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Case report
Systemic septic emboli in tricuspid endocarditis due to an atrial communication with a right-to-left shunt
  1. Olivia Farrant1,
  2. Gabriella Scozzi2 and
  3. Rebecca Hughes3
  1. 1Mortimer Market Centre, Central and North West London NHS Foundation Trust, London, UK
  2. 2Chelsea and Westminster Healthcare NHS Trust, London, UK
  3. 3Barts Heart Centre, Barts and The London NHS Trust, London, UK
  1. Correspondence to Dr Olivia Farrant; o.farrant{at}


We present the case of a patient admitted to hospital in septic shock. He had a history of tricuspid valve infective endocarditis (IE) 6 months prior and regularly injected intravenous drugs. A bedside echo on arrival confirmed vegetations on his tricuspid valve, torrential tricuspid regurgitation and signs of significantly raised right-sided pressures. The admission chest radiograph showed consolidative changes in the lungs, suggestive of septic pulmonary emboli. He was commenced on antibiotics and treated in the high-dependency unit. He subsequently developed an acutely ischaemic right foot and nasal tip. Suspicions were raised of a paradoxical septic embolus through a right-to-left shunt, subsequently confirmed on bubble echo which showed passage of agitated saline between the atria. This was not apparent clinically or on echocardiogram during his previous episode of tricuspid valve IE, raising the possibility of the development of an acquired inter-atrial communication since his previous episode.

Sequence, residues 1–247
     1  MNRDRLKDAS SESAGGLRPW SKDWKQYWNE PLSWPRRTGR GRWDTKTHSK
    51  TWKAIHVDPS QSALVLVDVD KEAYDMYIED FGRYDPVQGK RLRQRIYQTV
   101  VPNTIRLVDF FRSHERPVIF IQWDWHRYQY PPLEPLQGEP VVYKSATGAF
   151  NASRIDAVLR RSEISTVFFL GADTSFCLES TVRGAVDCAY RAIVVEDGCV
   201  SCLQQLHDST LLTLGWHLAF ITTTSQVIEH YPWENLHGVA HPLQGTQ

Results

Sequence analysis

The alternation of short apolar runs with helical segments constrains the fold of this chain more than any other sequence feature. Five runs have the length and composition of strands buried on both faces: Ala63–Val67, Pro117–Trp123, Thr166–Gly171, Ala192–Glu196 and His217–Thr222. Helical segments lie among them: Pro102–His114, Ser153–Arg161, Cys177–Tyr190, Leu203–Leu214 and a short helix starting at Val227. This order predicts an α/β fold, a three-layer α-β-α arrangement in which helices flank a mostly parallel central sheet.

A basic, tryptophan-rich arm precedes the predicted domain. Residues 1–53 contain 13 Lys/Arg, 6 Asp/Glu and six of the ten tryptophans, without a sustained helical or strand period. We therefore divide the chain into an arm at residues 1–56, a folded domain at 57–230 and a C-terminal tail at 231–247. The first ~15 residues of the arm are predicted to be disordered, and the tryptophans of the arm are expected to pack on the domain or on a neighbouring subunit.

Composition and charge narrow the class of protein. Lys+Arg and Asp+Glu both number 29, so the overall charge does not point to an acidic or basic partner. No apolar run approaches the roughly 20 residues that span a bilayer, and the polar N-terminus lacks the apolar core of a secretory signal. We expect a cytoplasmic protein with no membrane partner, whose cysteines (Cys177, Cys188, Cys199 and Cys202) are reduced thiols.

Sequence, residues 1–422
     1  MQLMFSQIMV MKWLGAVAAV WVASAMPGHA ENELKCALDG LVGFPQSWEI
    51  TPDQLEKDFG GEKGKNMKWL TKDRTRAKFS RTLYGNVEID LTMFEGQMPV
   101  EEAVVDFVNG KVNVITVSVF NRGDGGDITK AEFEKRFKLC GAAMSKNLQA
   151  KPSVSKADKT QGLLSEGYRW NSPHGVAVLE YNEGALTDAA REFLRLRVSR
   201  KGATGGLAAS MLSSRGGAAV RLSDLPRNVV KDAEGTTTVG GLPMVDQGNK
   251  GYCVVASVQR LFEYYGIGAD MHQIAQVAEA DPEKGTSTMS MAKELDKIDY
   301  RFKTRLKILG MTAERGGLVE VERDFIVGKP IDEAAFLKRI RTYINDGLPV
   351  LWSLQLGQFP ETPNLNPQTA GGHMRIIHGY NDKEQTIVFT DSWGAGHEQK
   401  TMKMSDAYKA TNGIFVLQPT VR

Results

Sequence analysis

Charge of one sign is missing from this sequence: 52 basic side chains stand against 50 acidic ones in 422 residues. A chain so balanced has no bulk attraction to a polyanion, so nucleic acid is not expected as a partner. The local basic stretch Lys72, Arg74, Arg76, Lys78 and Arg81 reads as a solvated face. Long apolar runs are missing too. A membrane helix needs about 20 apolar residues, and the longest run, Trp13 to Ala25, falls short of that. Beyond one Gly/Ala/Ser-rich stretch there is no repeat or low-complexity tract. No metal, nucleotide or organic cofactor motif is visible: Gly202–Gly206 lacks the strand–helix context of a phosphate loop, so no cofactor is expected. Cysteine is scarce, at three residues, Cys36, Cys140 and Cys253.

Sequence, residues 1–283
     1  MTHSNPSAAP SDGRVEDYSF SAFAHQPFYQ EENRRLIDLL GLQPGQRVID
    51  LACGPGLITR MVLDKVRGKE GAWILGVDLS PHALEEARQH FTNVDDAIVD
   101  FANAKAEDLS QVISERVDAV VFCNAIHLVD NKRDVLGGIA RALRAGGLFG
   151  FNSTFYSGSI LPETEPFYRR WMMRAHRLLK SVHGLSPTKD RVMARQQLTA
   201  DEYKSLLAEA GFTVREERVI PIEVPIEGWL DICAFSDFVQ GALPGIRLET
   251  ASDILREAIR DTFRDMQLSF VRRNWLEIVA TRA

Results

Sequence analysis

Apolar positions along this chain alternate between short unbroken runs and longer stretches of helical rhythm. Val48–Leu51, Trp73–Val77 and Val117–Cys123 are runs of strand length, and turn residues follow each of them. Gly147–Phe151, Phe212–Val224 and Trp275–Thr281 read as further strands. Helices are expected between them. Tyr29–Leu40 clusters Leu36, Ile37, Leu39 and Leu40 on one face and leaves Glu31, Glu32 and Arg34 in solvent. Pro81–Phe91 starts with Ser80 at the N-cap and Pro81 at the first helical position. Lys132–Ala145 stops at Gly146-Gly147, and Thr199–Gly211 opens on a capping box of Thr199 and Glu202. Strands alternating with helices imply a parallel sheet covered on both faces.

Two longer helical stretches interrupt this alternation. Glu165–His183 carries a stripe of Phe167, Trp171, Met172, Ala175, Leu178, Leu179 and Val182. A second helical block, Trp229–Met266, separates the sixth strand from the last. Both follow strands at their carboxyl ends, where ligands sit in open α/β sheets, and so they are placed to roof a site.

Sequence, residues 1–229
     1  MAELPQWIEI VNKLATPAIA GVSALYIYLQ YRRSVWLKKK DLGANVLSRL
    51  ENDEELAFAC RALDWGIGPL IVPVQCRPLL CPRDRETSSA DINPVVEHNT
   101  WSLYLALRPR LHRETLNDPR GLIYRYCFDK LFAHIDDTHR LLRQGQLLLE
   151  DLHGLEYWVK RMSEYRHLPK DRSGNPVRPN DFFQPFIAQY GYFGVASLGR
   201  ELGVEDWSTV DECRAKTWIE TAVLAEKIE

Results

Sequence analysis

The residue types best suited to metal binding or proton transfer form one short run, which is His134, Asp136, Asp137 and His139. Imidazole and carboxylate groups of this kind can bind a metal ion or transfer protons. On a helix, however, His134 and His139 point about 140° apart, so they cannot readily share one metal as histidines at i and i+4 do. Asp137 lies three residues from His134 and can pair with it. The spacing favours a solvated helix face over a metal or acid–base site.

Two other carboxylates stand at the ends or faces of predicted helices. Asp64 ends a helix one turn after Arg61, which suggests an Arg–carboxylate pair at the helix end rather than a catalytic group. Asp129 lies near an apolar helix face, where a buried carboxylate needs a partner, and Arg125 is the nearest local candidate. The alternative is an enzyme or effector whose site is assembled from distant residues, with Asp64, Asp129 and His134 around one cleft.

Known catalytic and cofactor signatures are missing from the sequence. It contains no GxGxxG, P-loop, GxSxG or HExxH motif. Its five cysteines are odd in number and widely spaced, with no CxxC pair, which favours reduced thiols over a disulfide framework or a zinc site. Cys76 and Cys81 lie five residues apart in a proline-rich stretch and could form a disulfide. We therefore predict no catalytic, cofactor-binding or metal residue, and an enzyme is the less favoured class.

• valvar diseases
  • infectious diseases
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  • Contributors OF was responsible for the planning, medical note review, acquisition of images and writing of this report. RH read and edited the finalised draft. GS acquired information about the patient’s previous and index admission from the medical notes.

  • Funding The authors have not declared a specific grant for this research from any funding agency in the public, commercial or not-for-profit sectors.

  • Competing interests None declared.

  • Patient consent for publication Not required.

  • Provenance and peer review Not commissioned; externally peer reviewed.

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